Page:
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Inspiration From a Quotation

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July had finally come – my faith was concealed in a small white envelope. A few months earlier I had spilled weeks worth of arduous Advanced Placement objectives onto a few sheets of blank paper. In my mind I deemed my essays of being level five worthy, but I was still unconvinced. As I darted to the mailbox I began to feel a slight vibration in my hand; it was my cell phone. My friends had texted me their test scores; hence, I was sure I had scored the same or better! While I began to reach hesitantly into the postbox, I realized either I was about to bask in the elation of victory or anguish the long hard months I had spent preparing.

Failure is the antagonist in my novel called "Life", but on this day I refused to accept even the thought of my having blundered this test. I began to unravel the envelope bit by bit until I was able to tug out the enclosed paper. Then it happened, as I surveyed the paper I realized I had not made the satisfactory score I had hoped for; furthermore, I had not even scored a basic three on the exam! My eyes scanned the paper in disbelief as tears of despair rolled down my balmy cheeks. I raced back into the house to the confides of my room and began to search the internet for quotes about failure. I stumbled upon this quote by Winston Churchill and because of Churchill's brilliant quote my life will by no means be the same: "Success is the ability to go from failure to failure with no loss of enthusiasm."

What is success? I have asked myself this simple question on more than one occasion. Webster's dictionary defines success as: "The favorable or prosperous termination of attempts or endeavors." If Webster's definitions are credible, which they usually are, then that definition confirms the fact that I had failed. Most people are fearful of death, spiders, or math; however, I am different. To me, failure is worst than death and on that day I had died. I spent many months vigorously preparing myself for the beastly AP English exam, yet I did not tame it.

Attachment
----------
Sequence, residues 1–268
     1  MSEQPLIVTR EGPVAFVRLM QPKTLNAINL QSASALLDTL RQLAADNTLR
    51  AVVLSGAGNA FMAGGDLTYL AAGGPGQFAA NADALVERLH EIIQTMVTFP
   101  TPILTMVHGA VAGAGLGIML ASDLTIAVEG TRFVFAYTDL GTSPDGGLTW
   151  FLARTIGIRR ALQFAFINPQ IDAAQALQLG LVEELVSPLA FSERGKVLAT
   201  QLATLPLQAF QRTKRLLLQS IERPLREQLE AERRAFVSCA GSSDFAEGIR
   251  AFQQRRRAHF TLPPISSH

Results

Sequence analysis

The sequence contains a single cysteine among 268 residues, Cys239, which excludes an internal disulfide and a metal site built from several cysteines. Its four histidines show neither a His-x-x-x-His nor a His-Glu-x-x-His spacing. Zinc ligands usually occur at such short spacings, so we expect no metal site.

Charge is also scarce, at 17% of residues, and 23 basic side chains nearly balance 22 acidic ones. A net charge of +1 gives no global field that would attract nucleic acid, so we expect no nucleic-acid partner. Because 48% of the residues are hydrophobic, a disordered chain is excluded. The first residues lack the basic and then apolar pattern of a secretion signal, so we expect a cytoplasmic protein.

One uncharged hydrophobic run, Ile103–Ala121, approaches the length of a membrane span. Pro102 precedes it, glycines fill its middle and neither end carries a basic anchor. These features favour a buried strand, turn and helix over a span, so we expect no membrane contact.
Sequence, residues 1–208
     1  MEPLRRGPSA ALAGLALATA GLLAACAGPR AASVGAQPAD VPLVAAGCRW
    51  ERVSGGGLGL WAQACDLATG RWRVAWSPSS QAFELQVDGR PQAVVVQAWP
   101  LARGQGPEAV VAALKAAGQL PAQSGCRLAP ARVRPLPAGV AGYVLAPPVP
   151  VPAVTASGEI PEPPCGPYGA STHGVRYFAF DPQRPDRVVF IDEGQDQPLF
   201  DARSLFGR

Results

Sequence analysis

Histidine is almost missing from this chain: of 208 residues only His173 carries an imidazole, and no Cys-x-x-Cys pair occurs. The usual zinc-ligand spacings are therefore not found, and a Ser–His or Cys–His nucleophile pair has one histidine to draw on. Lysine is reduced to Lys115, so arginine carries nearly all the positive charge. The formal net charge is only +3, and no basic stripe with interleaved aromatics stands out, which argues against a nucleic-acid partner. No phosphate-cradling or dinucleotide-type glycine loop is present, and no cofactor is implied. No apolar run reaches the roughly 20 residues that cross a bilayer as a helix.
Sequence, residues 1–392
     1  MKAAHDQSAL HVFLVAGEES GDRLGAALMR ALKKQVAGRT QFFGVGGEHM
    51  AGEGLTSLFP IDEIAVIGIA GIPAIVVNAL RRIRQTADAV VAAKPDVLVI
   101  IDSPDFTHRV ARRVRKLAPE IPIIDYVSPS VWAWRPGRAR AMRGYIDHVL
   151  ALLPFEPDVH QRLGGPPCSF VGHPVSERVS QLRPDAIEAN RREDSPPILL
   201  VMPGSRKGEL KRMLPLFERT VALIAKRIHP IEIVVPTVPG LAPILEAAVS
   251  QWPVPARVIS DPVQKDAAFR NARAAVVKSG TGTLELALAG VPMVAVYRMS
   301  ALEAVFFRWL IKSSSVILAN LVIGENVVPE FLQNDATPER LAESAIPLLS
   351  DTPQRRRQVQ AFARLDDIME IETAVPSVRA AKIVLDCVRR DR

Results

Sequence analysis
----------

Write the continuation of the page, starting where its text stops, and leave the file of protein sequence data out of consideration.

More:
During my defeat, I could relate to Winston Churchill's sense of letdown after Hitler dominated most of Western Europe. Just as Churchill facilitated Great Britain's victory over the Nazis, I had to battle my inner conflict. At my moment of disillusionment, failure was Hitler and I was Winston Churchill; thus, I became the general of my army against pessimistic pondering. Over the years I have worked to assemble my militia of metaphysical optimism. Eventually I would battle my way through no man's land to prevail over my adversary: Failure.

Prior to my disappointment, success had always meant achieving the best possible outcome, but as I began to trudge my way onto the other side of the battlefield, my view on life changed. To me, success became more than just a letter in the grade book or commendation from an esteemed university. Success became more than a noun, it became a fixation of my inner intellect that grew and evolved just as I did. Because of my failure my horizons on life were broadened. I became conscious of the fact that if one never fails, one never truly learns. On my personal V.E. Day, I had truly learned something special: "Success is the ability to go from failure to failure with no loss of enthusiasm."





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